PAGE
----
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Our September Author Interviews--9/6 Kathleen Valenti, 9/13 David Burnsworth, 9/20 Jeri Westerson, 9/27 Frances Brody. Please join us in welcoming these authors to WWK.
September Saturday Guest Bloggers: 9/2--Anne Bannon, 9/9 WWK Bloggers, 9/16 Margaret S. Hamilton, 9/23 Kait Carson, and on 9/30 Trixie Stiletto.
“May 16, 2017 – The Women’s Fiction Writers Association (WFWA) today announced the finalists of the second annual Star Award, given to authors of published women’s fiction. Six finalists were chosen in two categories, General and Outstanding Debut. The winners of the Star Award will be announced at the WFWA Retreat in Albuquerque, New Mexico on September 23, 2017.” In the general category, WWK’s Carla Damron was one of three finalist for her novel, The Stone Necklace. Go to Carladamron.com for more information. Congratulations, Carla!
Congratulations to our writers for the following publications:
Warren Bull's new Lincoln mystery, Abraham Lincoln In Court & Campaign has been released. Look for the Kindle version on February 3.
Shari Randall's "Pets" will be included in Chesapeake Crimes: Fur, Feathers, and Felonies anthology, which will be published in 2018. In the same anthology "Rasputin," KM Rockwood's short story, will also be published. Her short story "Goldie" will be published in the Busted anthology, which will be released by Level Best Books on April 25th.
In addition, our prolific KM will have the following shorts published as well: "Sight Unseen" in Fish Out of Water, Guppie (SinC) anthology, just released, and "Making Tracks" in Passport to Murder, Bouchercon anthology, October 2017.
Margaret S. Hamilton's short story, "Once a Kappa" was published as a finalist in the Southern Writer's Magazine annual short story contest issue. Mysterical-E published her "Double Crust Corpse" in the Fall 2016 issue. "Baby Killer" will appear in the 2017 solar eclipse anthology Day of the Dark to be published this summer prior to the eclipse in August.
Monday, June 6, 2011
Stink Bugs Part II
Writers have favorite places to read and write. My favorite place is on my screen porch. Even though the screen is supposed to keep the bugs out, they seem to have their own Enigma machine aiding them to infiltrate my private lair. At night, I hear the whoosh of moth wings on the porch light, annoying enough, but now I hear the clunk of primeval stink bug fuselage hitting my light and siding. Has this happened to you?
Last night, it took me three tries to kill a *%# stink bug. Their flat bodies are such that a whack with a rolled up magazine or fly swatter sometimes doesn’t do the job. They hide in crevices lying in wait to annoy us in as many ways as they are in number. But my problems with the nasty critters pale beside those of farmers in the Mid-Atlantic region, especially Pennsylvania, Maryland and Virginia.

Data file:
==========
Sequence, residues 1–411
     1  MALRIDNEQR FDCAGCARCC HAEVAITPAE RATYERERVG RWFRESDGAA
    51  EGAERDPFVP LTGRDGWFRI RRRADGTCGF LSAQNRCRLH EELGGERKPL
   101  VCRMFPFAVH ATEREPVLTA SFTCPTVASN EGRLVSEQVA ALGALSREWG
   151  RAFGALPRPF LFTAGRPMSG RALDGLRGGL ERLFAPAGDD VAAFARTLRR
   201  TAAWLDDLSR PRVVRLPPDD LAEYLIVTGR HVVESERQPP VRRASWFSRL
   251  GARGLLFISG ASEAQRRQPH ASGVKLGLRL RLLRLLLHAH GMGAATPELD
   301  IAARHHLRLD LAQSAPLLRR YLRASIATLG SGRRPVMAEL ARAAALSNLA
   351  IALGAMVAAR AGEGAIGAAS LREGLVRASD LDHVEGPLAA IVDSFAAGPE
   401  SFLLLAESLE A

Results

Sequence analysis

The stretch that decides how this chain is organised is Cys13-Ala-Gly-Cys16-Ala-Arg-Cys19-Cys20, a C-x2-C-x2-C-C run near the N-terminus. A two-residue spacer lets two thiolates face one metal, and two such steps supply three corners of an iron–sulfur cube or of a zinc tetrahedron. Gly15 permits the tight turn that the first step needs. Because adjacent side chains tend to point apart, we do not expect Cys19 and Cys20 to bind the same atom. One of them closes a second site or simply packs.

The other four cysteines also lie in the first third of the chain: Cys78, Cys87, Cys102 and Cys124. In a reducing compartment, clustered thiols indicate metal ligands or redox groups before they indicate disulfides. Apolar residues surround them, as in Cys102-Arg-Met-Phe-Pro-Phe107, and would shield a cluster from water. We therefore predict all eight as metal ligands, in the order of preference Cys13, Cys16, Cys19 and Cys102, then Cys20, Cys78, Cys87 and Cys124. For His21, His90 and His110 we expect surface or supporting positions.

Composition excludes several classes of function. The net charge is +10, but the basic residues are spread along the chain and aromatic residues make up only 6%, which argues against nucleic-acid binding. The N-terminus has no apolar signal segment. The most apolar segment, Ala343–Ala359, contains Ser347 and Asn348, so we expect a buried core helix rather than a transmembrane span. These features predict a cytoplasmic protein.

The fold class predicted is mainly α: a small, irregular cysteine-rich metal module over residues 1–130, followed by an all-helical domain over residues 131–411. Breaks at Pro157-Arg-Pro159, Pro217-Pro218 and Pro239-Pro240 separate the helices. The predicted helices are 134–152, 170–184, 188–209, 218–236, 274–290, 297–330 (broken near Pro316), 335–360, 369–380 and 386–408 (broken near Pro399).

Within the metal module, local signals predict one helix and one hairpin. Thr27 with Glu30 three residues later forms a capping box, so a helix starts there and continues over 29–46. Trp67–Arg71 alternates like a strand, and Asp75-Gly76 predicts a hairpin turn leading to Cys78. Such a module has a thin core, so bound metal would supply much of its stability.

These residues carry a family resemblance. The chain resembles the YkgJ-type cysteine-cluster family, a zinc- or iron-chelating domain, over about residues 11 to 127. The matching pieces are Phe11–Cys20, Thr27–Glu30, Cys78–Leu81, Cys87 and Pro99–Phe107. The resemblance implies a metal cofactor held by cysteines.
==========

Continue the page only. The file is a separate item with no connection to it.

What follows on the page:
As I reported last fall, U.S. Rep. Roscoe Bartlett (MD) set up a tri-state commission to study the bug and find solutions preventing the pest’s destruction. Although stink bugs will eat just about anything, fruit crops have been hit the worst, especially apples and peaches. Apple orchards in Catoctin, MD have reported a 50% destruction rate, the worst so far. Other orchards have reported 30-40% in reduced yields. The U. S. Department of Agriculture estimates that 18% ($37 million) of the Mid-Atlantic region’s apple crop has been destroyed by stink bugs.
(I wonder if Sheila Connolly will include the stink bug as a problem for her protagonist in her apple orchard series.)
Some scientists are focusing on keeping the stink bug population under control using a similar technique used on the Japanese beetles. Bag-a-bug uses chemicals that attract and trap the insect. So far, none is on the market for stink bugs.
The chemical, dinotefuran, which is manufactured by the Japanese company, Mitsui Chemicals, seems the most promising. Mitsui Chemicals applied and gained approval from EPA for its use on vegetable crops, but it is not currently approved for orchard use. The state of Virginia seeks an exemption from EPA for dinotefuran’s application in orchards. If approved, the exemption will enable its use in other states as well, starting as soon as July.
Other scientists are dubious of using pesticides because the stink bug is so mobile and productive, killing one community of stink bugs allows another to move into the orchard. The alternative to chemicals is a natural predator of the stink bug, a parasitic wasp—but it must be determined if the predator wasp will cause more problems than it is worth.
Meanwhile, I spray chemicals around the parameter of my house in hope of keeping not only the stink bug at bay, but also camel crickets, which totally gross me out. A cross between a spider and a cricket, camel crickets can jump many feet in the air (usually at you as you try to smack them) and have soft bodies that squish when you successfully attack. While the horseshoe crab may have served as the predator alien in the movie Aliens, the camel cricket serves as my prototype for horror creatures and nightmares. Although writing on my porch in fall and spring can be a chilly experience, writing on the porch during summer can induce paranoia.
Has your writing been effected by pests?